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Investment in Biomarker Research for Cancer Detection, Diagnosis and Prognosis Research Priorities for the Future: Stakeholder's Views

Presented by

Richard Schilsky, MD
Sam Hanash, MD
Sudhir Srivastava, PhD, MPH


May 20-21, 2010


8:00am - 5:00pm


Hilton Hotel Exit Disclaimer
Twinbrook Location
Rockville, MD 20852

Meeting Objectives

The biomarker research enterprise has many stakeholders who invest substantial resources and advance policies that can influence the outcome and utility of biomarker-based clinical applications. These include basic science researchers, clinicians, health care professionals, policy makers, regulators, and the groups and agencies that fund research and reimburse clinical care. This diverse assemblage can have competing priorities and agendas; any successful business model must identify a common theme around which all can work effectively.

Due to the long time needed to discover, develop and integrate biomarkers in clinical application, investors in biotechnologies and pharmaceutical companies are less inclined to support biomarker diagnostics research. It is important that sponsors, funding agencies and investors take a long-term view of the development cycle of biomarkers. The objective of this meeting is to set a realistic research agenda for the next five to ten years in the clinical development of biomarkers for cancer detection and treatment. Some of the issues that will be addressed are as follows:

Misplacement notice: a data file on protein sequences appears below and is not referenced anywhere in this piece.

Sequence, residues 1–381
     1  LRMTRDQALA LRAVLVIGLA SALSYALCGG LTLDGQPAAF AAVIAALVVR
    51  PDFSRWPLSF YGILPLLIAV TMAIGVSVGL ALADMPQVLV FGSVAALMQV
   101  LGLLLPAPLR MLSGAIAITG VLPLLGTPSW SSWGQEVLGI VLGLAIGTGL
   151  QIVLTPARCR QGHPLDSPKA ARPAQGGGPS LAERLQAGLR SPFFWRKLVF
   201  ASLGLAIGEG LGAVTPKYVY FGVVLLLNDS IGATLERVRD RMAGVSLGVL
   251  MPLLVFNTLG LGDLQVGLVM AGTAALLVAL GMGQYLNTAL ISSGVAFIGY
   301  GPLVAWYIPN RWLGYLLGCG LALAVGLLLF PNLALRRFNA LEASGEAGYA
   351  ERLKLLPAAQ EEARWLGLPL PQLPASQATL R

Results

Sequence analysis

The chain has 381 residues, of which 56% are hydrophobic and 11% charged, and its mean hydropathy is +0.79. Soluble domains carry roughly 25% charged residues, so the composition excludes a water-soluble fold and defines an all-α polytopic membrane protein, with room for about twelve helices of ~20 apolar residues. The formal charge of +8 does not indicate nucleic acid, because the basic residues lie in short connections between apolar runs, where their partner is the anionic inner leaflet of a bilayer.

Define high priority clinical applications of biomarkers for early detection and for assessment of therapeutic response, including chemoprevention and monitoring disease recurrence, that are achievable near term. Criteria to be considered in prioritizing marker development include:

  • Known risk factors that define the population to be screened for early detection
  • Potential for integration with imaging modalities to improve diagnostic accuracy
  • Potential to reduce the need for invasive procedures
  • Potential to affect patient management through early assessment of response or lack of response to treatment
  • Potential to affect patient management by providing an early indication of disease recurrence
  • Potential to guide patient selection and/or endpoint assessment in clinical trials

Define strategies for fast tracking the validation of promising cancer biomarkers that overcome limitations stemming from:

  • modest performance of individual markers
  • diverse "ownership" of individual markers
  • lack of standardized reagents/assays to test markers     
  • Need for specialized platforms to test individual markers in a panel
  • limited availability of quality specimens that minimize potential bias
  • Perceived obstacles to the inclusion of biomarkers in clinical trials

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